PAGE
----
Ashton's Ancient Greece-inspired ballet has a kickass female lead
Frederick Ashton’s Greek-myth inspired ballet, 65 years old this year, has all the fairytale elements you could wish for – romance, a pantomime baddie and perky dancing goats among them.
Its fantastical sets are stunning, and Delibes’s music is warmly rendered by the orchestra under Simon Hewett. Its story arc doesn’t look so great these days – we watch Sylvia go from strong, independent Diana acolyte, surrounded by her warrior women, to sweetly compliant, veiled bride, her companions now just fluttering in tutus. But Ashton created the role of Sylvia on Margot Fonteyn as a showcase for a dazzling principal dancer, and on opening night Marianela Nuñez grabbed the opportunity with both hands (Lauren Cuthberston and Natalia Osipova will also dance the role in this run).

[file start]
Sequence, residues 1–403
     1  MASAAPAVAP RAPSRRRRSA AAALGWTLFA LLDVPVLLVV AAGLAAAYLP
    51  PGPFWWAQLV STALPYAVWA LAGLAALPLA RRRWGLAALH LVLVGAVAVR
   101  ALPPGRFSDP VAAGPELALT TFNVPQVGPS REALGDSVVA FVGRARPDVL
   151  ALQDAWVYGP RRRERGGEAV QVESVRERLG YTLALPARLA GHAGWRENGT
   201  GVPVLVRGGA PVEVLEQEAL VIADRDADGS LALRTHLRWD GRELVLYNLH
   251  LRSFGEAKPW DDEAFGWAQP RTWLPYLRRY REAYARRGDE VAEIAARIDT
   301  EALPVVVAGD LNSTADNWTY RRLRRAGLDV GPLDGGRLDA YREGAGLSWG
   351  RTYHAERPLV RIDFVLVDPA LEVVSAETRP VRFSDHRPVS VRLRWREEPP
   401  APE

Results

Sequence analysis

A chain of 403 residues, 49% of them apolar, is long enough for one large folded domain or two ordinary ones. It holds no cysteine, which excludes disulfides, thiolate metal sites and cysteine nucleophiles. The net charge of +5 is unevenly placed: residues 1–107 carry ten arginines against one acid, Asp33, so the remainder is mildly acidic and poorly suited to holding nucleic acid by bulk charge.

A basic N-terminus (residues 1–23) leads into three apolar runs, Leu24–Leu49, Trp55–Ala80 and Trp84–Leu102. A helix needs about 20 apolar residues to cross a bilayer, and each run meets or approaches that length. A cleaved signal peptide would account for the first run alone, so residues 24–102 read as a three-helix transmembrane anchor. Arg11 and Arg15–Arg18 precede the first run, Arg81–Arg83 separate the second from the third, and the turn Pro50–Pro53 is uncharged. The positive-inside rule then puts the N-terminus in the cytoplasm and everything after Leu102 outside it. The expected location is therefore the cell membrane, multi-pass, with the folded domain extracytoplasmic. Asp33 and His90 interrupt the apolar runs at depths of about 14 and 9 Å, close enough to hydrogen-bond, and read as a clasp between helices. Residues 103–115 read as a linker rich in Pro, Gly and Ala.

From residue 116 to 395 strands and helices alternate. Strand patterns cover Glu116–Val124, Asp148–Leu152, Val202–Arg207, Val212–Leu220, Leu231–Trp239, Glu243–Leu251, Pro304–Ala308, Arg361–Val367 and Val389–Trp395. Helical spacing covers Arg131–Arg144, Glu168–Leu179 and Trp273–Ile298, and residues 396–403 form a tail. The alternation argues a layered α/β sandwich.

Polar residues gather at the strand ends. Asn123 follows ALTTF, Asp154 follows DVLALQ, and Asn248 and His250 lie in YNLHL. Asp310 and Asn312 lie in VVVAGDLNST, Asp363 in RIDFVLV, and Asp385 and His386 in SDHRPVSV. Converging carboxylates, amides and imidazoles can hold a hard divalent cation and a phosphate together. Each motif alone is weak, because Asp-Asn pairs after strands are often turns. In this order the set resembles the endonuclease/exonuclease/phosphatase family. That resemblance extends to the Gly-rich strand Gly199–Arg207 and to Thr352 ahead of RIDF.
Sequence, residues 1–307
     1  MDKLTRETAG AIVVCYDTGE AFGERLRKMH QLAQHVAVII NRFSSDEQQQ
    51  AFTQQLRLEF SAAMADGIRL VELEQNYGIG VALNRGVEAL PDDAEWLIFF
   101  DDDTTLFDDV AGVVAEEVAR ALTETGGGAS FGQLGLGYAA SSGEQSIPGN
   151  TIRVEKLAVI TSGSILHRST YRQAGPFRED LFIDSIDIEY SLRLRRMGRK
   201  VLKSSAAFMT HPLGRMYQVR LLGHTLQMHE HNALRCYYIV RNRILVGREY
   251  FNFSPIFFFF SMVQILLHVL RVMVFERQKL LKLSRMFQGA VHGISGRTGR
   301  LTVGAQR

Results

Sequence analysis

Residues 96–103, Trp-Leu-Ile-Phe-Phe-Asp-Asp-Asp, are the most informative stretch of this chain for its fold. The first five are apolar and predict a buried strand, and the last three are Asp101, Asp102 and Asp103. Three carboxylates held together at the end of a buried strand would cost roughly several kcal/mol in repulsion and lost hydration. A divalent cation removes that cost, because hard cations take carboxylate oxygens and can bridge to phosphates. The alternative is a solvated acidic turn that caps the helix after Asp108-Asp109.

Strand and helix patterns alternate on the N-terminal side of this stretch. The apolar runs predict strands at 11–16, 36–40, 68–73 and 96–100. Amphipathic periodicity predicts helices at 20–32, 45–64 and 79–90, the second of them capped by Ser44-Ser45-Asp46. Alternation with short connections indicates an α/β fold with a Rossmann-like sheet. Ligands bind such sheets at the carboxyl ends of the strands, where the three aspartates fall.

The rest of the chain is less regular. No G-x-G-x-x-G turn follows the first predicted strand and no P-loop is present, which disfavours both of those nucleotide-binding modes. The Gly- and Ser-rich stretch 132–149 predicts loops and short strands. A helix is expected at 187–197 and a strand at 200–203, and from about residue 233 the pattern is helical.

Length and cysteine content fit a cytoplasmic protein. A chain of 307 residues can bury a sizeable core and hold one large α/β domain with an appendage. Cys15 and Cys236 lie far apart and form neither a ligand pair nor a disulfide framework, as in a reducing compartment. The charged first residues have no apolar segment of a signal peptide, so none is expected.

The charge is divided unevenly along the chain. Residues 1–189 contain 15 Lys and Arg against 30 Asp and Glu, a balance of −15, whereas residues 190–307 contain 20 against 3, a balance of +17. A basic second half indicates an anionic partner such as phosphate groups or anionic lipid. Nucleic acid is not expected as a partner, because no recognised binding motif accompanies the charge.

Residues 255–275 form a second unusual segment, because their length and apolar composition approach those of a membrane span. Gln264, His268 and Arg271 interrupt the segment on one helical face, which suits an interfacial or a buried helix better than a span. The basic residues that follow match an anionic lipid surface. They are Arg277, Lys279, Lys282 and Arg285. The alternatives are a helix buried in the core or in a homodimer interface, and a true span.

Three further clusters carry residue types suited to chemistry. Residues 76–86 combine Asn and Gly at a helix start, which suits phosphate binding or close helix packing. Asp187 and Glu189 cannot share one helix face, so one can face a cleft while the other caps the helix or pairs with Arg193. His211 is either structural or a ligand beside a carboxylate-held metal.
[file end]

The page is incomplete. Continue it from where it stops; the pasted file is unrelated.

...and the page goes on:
In her kickass first incarnation, Nuñez’s Sylvia is indomitable; no wonder Vadim Muntagirov’s leggy and lovelorn shepherd, Aminta, can’t stop mooning over her. Presented with Aminta’s declaration of love, Sylvia shoots him with bow and arrow and sweeps off imperiously. Nuñez works fierce attitude into Ashton’s fiendish footwork – and sizzles splendidly in Act II, when she escapes the clutches of her other would-be suitor, the dastardly hunter Orion. Thiago Soares, in cod-Oriental garb, has a ball playing up the silliness of this part; Kevin Emerton and David Yudes as his cartwheeling slaves are also good value.
All is resolved in Act III, when a now demure Sylvia, tamed by love, marries Aminta. Nuñez sparkles in the couple’s grand pas de deux, mixing steely precision with delicate joyfulness; Muntagirov partners her respectfully and confidently, and those long limbs of his lend his jumps a luxurious glide. The massed ranks of the Royal Ballet look impressive in the finale – especially notable here is Fumi Kaneko, as Terpsichore, who shines amid the whirl of activity. It’s all a grand bit of silliness – but still a sparkly dance delight.